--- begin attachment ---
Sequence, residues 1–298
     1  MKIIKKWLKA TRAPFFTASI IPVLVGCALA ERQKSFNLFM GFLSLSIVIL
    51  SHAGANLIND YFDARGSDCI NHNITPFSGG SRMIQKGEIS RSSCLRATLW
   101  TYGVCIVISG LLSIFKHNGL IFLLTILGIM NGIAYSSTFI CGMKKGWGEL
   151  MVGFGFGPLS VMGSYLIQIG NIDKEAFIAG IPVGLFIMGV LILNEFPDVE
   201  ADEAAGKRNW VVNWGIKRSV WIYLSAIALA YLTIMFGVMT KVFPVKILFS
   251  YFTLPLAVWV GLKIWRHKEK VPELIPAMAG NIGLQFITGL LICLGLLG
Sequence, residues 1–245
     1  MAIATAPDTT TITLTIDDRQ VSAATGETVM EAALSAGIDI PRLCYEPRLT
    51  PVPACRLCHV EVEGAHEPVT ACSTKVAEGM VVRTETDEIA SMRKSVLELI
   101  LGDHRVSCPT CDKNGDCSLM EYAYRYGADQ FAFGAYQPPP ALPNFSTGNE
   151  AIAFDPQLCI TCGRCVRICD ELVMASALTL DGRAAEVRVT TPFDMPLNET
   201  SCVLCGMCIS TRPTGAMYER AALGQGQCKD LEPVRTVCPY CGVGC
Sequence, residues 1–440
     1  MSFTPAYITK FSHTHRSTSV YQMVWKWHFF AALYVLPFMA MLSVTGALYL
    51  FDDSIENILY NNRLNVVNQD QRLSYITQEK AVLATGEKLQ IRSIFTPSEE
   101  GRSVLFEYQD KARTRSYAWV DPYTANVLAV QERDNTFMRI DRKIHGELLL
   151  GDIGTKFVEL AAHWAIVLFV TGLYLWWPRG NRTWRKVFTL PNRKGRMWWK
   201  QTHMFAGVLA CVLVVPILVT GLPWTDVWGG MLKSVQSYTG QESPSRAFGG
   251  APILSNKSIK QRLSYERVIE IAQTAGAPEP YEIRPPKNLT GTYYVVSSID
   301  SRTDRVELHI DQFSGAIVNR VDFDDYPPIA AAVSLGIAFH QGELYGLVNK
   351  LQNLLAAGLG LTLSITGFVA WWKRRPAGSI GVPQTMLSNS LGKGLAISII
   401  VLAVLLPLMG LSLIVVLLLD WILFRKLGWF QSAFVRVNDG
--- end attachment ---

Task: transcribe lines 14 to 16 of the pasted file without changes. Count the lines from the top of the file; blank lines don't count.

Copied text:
Sequence, residues 1–440
     1  MSFTPAYITK FSHTHRSTSV YQMVWKWHFF AALYVLPFMA MLSVTGALYL
    51  FDDSIENILY NNRLNVVNQD QRLSYITQEK AVLATGEKLQ IRSIFTPSEE